A series of simultaneous shocks––cyclones, landslides, drought, and crop losses––could overwhelm insurance firms. The Financial Stability Board identifies nine insurance firms as too big to fail even as individual firms resist such categorization18Jones, Huw. “Global regulators hold off designating ‘too big to fail’ insurers.” Reuters, last modified November 14, 2018. Accessed May 21, 2020. Yet Standard and Poor’s finds that the industry might be underestimating losses from extreme weather by 50 percent.19William, Jessica, Micheal T.Ferguson, Miroslav Petkov, and Michael Wilkins. The Effects of Weather Events on Corporate Earnings Are Gathering Force. London: S&P Ratings (June 2018).

Beyond the risks to physical assets and human life, financial liabilities will also mount as firms are pressured to keep fossil fuel reserves “in the ground” rather than monetize them. Stranded assets could be worth tens of trillions of dollars over two decades. Liabilities are also arising from class action lawsuits against fossil fuel industries—more than 1000 have been filed in 25 countries. Some major insurance companies are planning to phase-out coal-related risks while others are demanding more disclosure from firms about climate liabilities.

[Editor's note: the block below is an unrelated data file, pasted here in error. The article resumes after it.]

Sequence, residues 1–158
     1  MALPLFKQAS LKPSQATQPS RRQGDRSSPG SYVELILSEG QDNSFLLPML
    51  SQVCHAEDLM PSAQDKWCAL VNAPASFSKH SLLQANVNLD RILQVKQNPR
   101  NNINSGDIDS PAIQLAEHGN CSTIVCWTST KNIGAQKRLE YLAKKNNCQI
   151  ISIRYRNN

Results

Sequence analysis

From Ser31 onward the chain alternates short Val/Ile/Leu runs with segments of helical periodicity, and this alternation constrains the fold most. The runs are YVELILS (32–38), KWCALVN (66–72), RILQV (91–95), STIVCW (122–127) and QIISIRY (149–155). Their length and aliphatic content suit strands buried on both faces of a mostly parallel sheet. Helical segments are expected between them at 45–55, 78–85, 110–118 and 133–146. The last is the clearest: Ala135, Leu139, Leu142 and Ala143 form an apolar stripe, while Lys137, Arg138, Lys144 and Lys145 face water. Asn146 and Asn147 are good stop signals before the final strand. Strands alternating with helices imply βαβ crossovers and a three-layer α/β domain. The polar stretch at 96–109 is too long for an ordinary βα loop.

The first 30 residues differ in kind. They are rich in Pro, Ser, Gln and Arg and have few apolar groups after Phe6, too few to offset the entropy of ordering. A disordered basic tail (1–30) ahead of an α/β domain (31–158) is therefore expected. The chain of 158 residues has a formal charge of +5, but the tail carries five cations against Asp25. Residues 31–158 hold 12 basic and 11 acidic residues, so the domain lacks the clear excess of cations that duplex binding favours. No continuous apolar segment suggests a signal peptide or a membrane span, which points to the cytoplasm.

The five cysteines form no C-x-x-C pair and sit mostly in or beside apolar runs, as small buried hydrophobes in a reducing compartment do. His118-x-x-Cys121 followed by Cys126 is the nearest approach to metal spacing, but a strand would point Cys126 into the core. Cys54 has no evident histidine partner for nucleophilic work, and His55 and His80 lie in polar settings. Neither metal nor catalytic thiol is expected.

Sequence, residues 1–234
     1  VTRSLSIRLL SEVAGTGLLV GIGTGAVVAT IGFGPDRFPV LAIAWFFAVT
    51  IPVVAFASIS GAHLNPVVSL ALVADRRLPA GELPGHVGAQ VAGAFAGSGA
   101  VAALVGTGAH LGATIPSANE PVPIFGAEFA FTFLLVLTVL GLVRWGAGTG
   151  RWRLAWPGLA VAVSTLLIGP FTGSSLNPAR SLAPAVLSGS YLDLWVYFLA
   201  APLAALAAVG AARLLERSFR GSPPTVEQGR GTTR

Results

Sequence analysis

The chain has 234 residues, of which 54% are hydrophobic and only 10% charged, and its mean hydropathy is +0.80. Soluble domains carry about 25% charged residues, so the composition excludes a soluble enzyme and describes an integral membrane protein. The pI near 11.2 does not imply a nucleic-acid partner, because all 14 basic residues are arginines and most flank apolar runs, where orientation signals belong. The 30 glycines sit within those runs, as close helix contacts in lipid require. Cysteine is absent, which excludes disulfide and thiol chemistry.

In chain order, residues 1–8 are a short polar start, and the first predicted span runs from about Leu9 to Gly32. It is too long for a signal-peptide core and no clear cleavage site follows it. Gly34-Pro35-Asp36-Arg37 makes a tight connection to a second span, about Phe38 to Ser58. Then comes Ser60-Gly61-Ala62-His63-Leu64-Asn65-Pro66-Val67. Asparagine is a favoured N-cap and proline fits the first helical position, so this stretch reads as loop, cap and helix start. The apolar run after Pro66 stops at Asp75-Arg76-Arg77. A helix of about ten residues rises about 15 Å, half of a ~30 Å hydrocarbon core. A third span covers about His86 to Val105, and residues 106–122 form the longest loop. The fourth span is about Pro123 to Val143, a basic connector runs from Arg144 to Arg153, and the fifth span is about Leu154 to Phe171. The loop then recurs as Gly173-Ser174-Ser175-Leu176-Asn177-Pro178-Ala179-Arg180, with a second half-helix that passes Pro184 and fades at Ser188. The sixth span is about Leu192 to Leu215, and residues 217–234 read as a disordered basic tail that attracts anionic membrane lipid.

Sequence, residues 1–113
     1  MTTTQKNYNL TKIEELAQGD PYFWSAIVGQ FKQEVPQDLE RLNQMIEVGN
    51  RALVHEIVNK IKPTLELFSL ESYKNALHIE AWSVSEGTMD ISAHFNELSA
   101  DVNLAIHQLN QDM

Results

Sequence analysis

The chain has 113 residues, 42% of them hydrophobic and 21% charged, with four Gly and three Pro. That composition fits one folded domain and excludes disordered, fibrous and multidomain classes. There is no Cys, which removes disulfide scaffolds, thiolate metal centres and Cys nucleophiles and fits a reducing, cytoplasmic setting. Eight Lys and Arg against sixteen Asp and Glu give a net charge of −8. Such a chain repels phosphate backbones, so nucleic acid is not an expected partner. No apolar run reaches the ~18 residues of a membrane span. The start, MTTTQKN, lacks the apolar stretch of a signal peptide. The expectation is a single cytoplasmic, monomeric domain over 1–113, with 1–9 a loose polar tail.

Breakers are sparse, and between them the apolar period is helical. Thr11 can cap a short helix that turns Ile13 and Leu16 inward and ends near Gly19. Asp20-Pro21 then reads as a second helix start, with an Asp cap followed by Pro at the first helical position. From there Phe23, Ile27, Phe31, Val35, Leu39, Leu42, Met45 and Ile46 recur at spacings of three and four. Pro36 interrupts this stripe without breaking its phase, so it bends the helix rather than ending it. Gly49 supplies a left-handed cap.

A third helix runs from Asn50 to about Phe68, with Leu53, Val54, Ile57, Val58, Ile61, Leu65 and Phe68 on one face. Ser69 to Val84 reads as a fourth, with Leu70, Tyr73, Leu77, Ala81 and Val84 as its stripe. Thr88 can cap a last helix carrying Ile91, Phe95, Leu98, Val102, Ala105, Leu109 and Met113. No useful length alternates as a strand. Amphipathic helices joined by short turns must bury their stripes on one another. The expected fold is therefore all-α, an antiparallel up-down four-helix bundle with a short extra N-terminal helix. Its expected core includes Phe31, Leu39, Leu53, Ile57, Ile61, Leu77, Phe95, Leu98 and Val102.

How should the international community and the financial and insurance system respond? In order to be more inclusive of the risks facing the most vulnerable countries, the principle of risk pooling becomes an imperative. Again, as the COVID-19 pandemic demonstrates, even the wealthiest countries can find their financial resources stretched and their institutional capacities exhausted for shocks of a certain magnitude. To be sure, the challenge is not that countries are incapable of responding, but that when the same crisis is  compressed into a shorter time frame, physical and financial resources are stretched to their breaking points. What is needed, then, is a mechanism for countries at different levels of vulnerability to pool their risks to climate shocks in pursuit of averting common disaster. 

Global Risk Pooling Reserve Fund would partially overcome the challenge by pooling risks across countries. In contrast to the partial or entirely missing insurance safety net for many vulnerable communities, a global reserve fund would have three premises. First, different countries face different kinds of climate risks. In some places there could be coastal storm surges; in others there would be heat stress and drought. Elsewhere, communities might be more exposed to agricultural losses or new infectious diseases. By pooling risks, the peaks of risk curves could be lowered for individual countries.